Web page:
Onions from Mexico linked to salmonella outbreak in 37 states

Source: NBC News

The Centers for Disease Control and Prevention is asking people to check their onions after a salmonella outbreak sickened more than 650 people across the country.

The CDC said fresh, whole red, white and yellow onions imported from Chihuahua, Mexico, are subject to the alert. ProSource Inc. distributed them to grocery stores and restaurants throughout the U.S.


Despite court order, vaccinating youths aged 12-17 against COVID remains in limbo

Source: Mexico News Daily

The federal government will challenge a court order instructing it to offer COVID-19 vaccines to all youths aged 12 to 17.

A México state-based federal judge last week ordered health authorities to modify the national vaccination policy to include all minors between those ages, of whom there are approximately 10 million.


How a public-private partnership helped Mexico fight Covid

Source: Mexico News Daily

It was one of the more unconventional ways to deliver healthcare. In just 23 days, business leaders, medical experts and public officials came together to transform a giant convention center on the outskirts of Mexico City into a world-class 424-bed coronavirus field hospital.

Together, they gave the Mexican capital a crucial additional weapon in fighting the pandemic at its peak.


Abortion Is No Longer a Crime in Mexico. But Most Women Still Can’t Get One.


Source: New York Times

When the Supreme Court in Mexico issued a historic decision on Tuesday declaring that having an abortion was not a crime, activists across the country celebrated. On Wednesday, they got back to work, taking on the long and arduous process of ensuring that the legal shift applies across Mexico.

Among their top priorities are helping the women who need it most: those facing criminal penalties, often after having been reported to the authorities for trying to induce an abortion themselves under dangerous conditions.


Catastrophic medical supply shortages in Mexico


Source: Yahoo! News

Child cancer patients and HIV-positive Mexicans have increasingly had to put life-saving treatments on hold as public hospitals run out of the medications they need.

The big picture: Activists say around 1,600 children with cancer have died from the lack of oncological meds.


Mexico City Returns to Yellow; COVID-19


Source: The National Law Review

The COVID-19 pandemic has continued to abate in Mexico, and as conditions have improved, the federal government has gradually eased COVID-19–related restrictions and lifted them entirely in 19 of the nation’s 32 states in accordance with the biweekly four-tiered traffic light epidemiological monitoring system.

The federal government recently designated 19 states in green status (indicating a full return to normal activities) for the June 7–20, 2021, report, thus making the four weeks encompassing the current report a notable period for the country since the government first implemented the system in June 2020. In the previous report, nine states were in yellow status, the second-least restrictive tier. One of those states, Tamaulipas, has recently been redesignated in orange status, one tier below red status (under which only essential activities are permitted), while other states have recently reported increases in their daily case averages. No state has been in red status since March 2021.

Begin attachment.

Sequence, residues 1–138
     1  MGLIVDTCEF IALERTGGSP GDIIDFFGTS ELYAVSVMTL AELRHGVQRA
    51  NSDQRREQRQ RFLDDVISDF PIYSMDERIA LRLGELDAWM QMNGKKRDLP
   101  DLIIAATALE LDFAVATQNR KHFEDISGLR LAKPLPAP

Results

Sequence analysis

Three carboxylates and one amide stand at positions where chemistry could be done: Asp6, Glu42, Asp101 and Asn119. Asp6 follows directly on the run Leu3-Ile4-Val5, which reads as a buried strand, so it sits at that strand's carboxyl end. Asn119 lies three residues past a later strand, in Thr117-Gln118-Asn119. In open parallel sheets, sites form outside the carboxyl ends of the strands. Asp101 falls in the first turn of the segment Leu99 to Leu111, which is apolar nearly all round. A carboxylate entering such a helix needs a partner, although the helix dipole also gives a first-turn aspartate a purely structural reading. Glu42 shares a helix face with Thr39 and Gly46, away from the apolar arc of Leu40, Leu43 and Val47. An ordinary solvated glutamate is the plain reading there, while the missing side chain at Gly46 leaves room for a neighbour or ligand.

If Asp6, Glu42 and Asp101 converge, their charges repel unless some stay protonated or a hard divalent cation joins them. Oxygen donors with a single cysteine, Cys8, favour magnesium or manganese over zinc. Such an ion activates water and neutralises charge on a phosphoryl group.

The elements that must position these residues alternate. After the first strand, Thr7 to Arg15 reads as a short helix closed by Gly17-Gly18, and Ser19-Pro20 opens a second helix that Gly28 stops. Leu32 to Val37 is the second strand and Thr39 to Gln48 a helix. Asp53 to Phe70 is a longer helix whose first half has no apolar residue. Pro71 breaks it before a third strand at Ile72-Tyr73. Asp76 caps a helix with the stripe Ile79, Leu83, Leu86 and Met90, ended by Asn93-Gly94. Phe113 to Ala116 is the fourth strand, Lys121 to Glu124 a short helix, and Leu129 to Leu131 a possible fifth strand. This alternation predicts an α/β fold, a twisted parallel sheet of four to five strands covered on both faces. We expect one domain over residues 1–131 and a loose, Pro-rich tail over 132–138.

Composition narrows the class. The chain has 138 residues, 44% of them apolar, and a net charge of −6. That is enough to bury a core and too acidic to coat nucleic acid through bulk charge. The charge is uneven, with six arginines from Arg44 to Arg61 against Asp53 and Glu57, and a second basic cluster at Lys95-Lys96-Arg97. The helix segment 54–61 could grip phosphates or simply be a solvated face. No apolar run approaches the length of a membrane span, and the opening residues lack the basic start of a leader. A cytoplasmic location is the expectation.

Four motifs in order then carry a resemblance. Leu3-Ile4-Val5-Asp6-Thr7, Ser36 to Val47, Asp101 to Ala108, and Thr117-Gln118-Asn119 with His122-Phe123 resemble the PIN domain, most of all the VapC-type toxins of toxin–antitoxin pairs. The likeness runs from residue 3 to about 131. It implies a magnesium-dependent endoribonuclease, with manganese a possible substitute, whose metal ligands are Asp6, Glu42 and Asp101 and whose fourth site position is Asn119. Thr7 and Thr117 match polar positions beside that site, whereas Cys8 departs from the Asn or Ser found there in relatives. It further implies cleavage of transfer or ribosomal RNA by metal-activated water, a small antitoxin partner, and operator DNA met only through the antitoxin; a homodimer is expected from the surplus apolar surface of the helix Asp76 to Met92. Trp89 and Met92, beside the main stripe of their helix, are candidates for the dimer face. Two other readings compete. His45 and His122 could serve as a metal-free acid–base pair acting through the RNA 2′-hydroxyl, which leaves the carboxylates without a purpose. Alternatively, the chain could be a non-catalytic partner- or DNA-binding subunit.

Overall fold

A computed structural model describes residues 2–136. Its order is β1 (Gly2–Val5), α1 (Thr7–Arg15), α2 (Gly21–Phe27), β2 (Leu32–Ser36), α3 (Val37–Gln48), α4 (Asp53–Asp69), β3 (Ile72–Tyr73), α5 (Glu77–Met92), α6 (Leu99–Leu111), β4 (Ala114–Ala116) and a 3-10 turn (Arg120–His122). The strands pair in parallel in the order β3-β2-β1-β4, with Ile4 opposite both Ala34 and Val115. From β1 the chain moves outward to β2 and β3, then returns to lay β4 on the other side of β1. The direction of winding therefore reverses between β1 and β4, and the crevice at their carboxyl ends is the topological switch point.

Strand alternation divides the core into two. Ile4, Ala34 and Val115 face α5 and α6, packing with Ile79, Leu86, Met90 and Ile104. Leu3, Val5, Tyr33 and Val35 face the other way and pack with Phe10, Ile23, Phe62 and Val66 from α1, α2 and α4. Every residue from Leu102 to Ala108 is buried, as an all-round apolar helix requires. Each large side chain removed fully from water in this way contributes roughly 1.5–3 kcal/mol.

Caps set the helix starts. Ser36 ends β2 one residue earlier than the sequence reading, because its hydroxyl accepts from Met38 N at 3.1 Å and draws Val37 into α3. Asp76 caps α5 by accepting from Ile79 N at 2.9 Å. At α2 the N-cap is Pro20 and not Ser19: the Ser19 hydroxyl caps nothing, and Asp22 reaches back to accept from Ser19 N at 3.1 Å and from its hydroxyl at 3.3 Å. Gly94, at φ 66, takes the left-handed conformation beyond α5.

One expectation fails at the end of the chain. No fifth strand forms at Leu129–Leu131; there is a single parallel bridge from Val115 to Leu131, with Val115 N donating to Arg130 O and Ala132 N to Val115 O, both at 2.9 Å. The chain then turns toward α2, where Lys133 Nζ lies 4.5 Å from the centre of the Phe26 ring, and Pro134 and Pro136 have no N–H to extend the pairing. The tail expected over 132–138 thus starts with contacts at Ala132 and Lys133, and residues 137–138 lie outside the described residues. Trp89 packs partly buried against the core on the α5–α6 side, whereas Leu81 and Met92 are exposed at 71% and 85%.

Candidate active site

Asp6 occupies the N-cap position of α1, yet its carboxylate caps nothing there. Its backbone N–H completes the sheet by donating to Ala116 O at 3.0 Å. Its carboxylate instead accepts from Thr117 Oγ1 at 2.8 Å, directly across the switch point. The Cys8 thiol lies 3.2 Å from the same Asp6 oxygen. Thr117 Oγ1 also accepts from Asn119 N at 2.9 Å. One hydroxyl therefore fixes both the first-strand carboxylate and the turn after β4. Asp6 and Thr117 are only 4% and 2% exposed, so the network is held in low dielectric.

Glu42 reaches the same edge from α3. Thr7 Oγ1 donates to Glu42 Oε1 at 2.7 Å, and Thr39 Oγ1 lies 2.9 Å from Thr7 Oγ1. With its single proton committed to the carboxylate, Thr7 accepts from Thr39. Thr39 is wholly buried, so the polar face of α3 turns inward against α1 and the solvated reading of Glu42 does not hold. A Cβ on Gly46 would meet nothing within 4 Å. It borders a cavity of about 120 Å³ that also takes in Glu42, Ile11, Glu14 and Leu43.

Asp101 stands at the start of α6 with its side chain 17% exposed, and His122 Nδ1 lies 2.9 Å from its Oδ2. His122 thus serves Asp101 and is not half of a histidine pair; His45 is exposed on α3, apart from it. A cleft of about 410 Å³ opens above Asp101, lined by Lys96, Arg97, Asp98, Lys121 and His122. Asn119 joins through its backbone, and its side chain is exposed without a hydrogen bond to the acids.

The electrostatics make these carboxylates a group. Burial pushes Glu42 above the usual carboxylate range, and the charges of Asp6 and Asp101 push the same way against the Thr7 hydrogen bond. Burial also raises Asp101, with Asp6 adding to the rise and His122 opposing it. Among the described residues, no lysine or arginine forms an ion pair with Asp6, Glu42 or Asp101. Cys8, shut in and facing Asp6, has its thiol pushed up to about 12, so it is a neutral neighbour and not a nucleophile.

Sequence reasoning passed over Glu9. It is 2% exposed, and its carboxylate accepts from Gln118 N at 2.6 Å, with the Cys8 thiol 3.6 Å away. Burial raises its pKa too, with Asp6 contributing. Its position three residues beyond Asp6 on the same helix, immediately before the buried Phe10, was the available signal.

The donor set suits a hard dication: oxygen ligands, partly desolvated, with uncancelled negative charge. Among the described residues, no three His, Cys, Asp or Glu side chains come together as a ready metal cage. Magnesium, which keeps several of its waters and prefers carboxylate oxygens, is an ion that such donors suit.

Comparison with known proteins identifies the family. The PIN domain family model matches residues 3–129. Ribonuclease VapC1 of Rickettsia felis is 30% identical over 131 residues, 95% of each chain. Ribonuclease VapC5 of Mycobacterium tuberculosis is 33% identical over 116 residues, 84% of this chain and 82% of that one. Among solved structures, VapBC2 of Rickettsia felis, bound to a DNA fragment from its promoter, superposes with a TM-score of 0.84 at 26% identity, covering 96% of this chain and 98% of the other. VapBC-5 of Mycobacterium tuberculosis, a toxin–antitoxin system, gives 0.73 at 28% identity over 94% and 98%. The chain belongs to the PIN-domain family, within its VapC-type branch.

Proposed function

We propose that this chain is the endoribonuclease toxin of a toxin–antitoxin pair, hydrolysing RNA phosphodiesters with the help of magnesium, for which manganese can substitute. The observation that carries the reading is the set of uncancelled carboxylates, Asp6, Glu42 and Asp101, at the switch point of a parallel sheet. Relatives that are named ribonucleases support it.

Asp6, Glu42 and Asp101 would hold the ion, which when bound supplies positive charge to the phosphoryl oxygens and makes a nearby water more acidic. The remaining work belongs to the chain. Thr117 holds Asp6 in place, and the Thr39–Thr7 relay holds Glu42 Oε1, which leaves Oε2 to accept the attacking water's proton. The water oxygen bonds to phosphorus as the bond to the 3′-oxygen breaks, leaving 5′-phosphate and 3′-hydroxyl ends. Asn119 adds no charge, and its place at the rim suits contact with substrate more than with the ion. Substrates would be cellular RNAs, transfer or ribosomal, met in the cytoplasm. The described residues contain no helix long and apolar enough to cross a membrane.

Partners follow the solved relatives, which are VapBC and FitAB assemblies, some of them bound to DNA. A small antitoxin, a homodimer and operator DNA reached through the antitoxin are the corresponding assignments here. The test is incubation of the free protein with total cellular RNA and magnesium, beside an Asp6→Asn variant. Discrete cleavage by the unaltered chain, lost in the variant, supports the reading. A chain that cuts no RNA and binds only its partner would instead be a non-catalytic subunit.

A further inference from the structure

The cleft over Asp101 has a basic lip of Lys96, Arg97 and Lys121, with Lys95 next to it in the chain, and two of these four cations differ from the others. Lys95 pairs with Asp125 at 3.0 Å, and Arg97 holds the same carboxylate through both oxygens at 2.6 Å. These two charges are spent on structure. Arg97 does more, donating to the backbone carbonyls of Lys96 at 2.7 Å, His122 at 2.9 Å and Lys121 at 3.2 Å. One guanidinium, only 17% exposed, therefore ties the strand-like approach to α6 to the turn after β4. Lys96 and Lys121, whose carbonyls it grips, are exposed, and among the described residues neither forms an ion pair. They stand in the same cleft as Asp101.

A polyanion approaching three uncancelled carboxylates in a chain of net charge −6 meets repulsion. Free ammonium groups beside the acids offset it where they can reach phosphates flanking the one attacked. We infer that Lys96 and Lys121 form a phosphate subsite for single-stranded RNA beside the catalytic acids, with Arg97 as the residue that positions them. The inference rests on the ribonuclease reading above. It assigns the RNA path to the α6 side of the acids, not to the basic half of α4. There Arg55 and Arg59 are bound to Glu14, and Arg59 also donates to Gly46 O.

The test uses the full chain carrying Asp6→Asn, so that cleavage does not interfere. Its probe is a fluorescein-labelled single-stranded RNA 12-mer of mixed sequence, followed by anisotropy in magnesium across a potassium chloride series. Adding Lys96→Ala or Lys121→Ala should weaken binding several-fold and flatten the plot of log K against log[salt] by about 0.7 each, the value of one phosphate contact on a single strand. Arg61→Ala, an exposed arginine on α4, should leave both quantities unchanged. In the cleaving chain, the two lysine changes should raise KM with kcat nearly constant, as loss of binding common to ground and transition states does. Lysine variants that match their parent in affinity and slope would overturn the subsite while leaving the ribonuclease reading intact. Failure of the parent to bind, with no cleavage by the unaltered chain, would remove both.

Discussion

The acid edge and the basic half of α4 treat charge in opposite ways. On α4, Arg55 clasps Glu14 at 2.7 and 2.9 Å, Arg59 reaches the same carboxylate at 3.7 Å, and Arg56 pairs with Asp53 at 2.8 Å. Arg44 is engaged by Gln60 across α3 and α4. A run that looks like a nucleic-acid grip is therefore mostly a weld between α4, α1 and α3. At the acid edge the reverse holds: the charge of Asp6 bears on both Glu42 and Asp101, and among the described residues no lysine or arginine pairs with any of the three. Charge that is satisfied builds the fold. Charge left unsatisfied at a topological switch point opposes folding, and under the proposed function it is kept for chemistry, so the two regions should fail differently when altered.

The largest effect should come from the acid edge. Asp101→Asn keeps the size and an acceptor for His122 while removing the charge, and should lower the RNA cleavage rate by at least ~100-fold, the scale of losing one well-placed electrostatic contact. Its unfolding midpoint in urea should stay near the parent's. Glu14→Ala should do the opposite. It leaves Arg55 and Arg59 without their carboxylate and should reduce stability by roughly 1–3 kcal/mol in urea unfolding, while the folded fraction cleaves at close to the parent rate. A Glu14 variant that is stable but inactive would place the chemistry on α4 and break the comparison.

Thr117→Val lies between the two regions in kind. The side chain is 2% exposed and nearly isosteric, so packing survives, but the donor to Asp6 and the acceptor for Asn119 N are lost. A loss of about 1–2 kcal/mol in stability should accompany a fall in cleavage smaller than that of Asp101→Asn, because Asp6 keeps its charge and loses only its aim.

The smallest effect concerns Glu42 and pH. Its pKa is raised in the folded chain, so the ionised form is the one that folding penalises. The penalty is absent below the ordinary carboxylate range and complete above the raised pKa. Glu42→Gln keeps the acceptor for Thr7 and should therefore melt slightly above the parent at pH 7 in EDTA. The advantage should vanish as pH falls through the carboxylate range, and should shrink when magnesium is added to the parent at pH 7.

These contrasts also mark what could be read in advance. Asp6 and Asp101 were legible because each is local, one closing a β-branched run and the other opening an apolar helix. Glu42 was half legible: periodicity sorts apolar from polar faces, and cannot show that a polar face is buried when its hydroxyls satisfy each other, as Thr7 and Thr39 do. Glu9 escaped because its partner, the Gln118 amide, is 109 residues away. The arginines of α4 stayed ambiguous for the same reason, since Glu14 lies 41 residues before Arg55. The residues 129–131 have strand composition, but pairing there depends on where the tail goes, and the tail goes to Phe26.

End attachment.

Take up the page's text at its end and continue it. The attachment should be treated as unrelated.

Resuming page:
Mexico says COVID-19 has affected a fourth of its population


Source: Reuters

About a quarter of Mexico’s 126 million people are estimated to have been infected with the coronavirus, the health ministry said on Friday, far more than the country’s confirmed infections.

The 2020 National Health and Nutrition Survey (Ensanut) showed that about 31.1 million people have had the virus, the ministry said in a statement, citing Tonatiuh Barrientos, an official at the National Institute of Public Health.


Politicians step up the fight against Mexico’s Coca-Cola habit


Source: The Economist

On a visit in July to Chiapas, a poor southern state, Hugo López-Gatell, Mexico’s covid-19 tsar, condemned an unlikely culprit for deaths from the disease. Fizzy drinks are “bottled poison”. Every year 40,000 Mexicans, the number of recorded covid-19 victims at the time, die from drinking too many, he claimed. The country’s health “would be different had we not been fooled” by a marketing machine that promotes products “as if [they] were happiness”.

The blasé response to the pandemic by President Andrés Manuel López Obrador and his administration is a bigger reason why the official death toll now stands at 90,000. But they are correct to point out that sugary drinks contribute to Mexico’s high rates of obesity and diabetes, which make people more vulnerable to the virus. Three-quarters of Mexicans are overweight, up from a fifth in 1996. Although fizzy drinks are a worthier target than some of Mr López Obrador’s nemeses (suppliers of renewable energy, for example), they are also inescapably part of the country’s culture.


‘We Had To Take Action’: States In Mexico Move To Ban Junk Food Sales To Minors


Source: NPR

Picture this: You’re 17, you walk into a corner store and grab a Coca-Cola and Doritos, but the cashier refuses to sell them to you because you’re underage.

That rule is expected to soon become reality in parts of Mexico, as lawmakers in several states push legislation to keep junk food away from children, partly in response to the coronavirus pandemic.


Mexico bars shipment of glyphosate pesticide

two test tubes
Photo by Martin Lopez on Pexels.com

11/25/19 – AP News

The Mexican government says it won’t allow a 1,000-ton shipment of the pesticide glyphosate into the country, citing health and environmental concerns.

Mexico became the latest in a string of countries to announce bans on glyphosate, the active ingredient in weed killer Roundup.

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